<p>It took me a while to make my final decision. It's a large staircase and I wanted something beautiful but I didn't want it to overwhelm the foyer which is two storeys high. The carpet store that my decorator and I were dealing with urged us to take all of the samples (which were quite large) to the house and actually look at them in the space. This was helpful. The ones that were more bold and colorful, or more patterned, and that I thought I loved most, were not right for the space and I wouldn't have guessed that when I looked at them in the store.</p>

<p>I have a Stark strie green runner on my stairs with a simple gold pattern. My foyer rug is a green oriental, the hall runner is in another pattern and I have a small rug in red by the front door. Nothing matches but it all goes together. I think you'll be happier not going neutral on the stairs. If red is too much try out some samples with a black field and a simple pattern. This is an expensive decision you will live with for many years. Take your time!</p>

<p>Always can depend on CC parent cafe for really informed and smart responses. Thank you.</p>

<p>First of all, yes, the carpet store owner has been to our home and I think she is really struck by a couple of rugs we'e acquired over the years that are really striking. But I just don't think the stairway is the place to pop with color.</p>

<p>The hardwood is in good condition and could be really attractive if we refinished because of staples from prior runners. But in all honesty, after running up and down those stairs for the last month, I want a runner and I think the area rug that isn't wall-to-wall but really nicely sized for the area in the landing upstairs and midway down landing would be so very tactile and just nice to have. Otherwise, whenever someone is on the stairs it just resonates through the house -- even my 9-pound dog!</p>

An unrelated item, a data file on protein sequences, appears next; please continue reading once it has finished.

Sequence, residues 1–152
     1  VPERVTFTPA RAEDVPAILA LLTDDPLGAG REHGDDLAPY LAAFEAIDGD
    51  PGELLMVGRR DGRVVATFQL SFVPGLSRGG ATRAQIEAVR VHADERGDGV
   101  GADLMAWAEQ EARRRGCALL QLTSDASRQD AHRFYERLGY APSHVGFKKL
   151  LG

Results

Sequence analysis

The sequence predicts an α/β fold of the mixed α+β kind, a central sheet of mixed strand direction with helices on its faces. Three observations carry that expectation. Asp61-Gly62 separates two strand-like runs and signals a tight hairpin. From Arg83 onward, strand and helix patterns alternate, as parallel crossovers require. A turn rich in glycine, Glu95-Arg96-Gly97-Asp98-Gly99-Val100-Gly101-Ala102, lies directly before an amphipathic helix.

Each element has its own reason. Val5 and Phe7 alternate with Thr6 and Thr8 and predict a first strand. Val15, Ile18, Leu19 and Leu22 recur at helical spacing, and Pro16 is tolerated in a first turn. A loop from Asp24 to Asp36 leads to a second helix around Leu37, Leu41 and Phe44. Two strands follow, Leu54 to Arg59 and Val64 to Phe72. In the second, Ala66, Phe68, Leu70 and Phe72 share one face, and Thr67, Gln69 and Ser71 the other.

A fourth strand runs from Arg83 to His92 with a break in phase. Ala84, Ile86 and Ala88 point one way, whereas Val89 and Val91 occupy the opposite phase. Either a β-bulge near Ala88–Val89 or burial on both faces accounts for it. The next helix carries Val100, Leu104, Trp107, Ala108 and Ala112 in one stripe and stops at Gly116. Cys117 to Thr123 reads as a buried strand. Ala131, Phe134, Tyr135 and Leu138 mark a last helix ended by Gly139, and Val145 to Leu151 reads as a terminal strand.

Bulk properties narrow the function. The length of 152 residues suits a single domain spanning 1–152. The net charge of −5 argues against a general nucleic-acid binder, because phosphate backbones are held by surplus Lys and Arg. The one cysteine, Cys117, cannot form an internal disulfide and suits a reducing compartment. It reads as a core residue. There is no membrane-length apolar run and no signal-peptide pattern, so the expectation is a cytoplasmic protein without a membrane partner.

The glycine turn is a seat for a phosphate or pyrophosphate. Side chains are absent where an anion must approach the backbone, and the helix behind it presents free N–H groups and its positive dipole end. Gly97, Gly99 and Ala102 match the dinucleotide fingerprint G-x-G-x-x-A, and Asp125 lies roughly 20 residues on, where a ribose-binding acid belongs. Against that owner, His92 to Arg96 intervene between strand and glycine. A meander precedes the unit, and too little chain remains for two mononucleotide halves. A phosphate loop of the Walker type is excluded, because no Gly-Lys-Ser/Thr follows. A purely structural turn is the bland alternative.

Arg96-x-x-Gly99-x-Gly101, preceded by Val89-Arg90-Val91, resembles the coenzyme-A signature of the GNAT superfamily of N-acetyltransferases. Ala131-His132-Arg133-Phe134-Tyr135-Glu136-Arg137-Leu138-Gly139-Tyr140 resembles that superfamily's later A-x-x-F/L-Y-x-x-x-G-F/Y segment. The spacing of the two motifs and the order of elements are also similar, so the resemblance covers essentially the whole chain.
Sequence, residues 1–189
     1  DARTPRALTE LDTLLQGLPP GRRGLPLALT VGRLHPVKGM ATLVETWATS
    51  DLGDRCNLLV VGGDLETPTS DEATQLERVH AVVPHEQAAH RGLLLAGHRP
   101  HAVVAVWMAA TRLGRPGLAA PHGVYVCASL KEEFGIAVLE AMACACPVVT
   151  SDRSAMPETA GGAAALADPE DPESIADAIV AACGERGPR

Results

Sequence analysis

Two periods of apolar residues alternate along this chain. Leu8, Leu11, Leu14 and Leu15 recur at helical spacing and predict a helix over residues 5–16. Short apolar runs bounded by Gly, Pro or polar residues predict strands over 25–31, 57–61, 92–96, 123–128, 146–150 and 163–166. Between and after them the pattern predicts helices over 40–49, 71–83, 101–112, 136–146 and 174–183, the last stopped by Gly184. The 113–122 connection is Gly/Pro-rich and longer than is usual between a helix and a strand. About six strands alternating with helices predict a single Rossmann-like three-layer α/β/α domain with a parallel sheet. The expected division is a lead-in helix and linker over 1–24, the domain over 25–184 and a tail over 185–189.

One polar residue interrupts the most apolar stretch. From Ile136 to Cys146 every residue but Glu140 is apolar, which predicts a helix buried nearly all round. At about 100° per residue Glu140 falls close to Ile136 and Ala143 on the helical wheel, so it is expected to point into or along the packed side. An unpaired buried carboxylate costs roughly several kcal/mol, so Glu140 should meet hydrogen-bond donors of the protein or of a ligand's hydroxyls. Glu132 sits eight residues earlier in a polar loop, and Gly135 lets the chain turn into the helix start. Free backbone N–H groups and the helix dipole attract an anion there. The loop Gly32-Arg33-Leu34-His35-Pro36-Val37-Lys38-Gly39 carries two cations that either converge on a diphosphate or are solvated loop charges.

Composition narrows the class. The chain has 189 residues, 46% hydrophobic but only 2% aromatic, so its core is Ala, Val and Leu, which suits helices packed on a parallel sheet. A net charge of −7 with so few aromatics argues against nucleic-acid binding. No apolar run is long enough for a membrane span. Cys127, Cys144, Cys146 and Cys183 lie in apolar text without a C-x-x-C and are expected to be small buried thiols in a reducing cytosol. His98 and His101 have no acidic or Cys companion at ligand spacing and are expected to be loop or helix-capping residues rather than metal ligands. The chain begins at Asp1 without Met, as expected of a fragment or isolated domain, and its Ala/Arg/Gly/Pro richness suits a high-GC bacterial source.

<p>Alwaysamom, I had really been drawn to the whole Masland line and I really love the patterned neutral-on-neutral you are using. Thank you. I am going back tomorrow to the store and insisting we look closely at that whole product line. It's a great store. They do wonderful binding and precision sizing. But I think I'm sticking to my guns on this. I think the stairway is already somewhat architectural and interesting to look at and does not need a great big color/pattern statement.</p>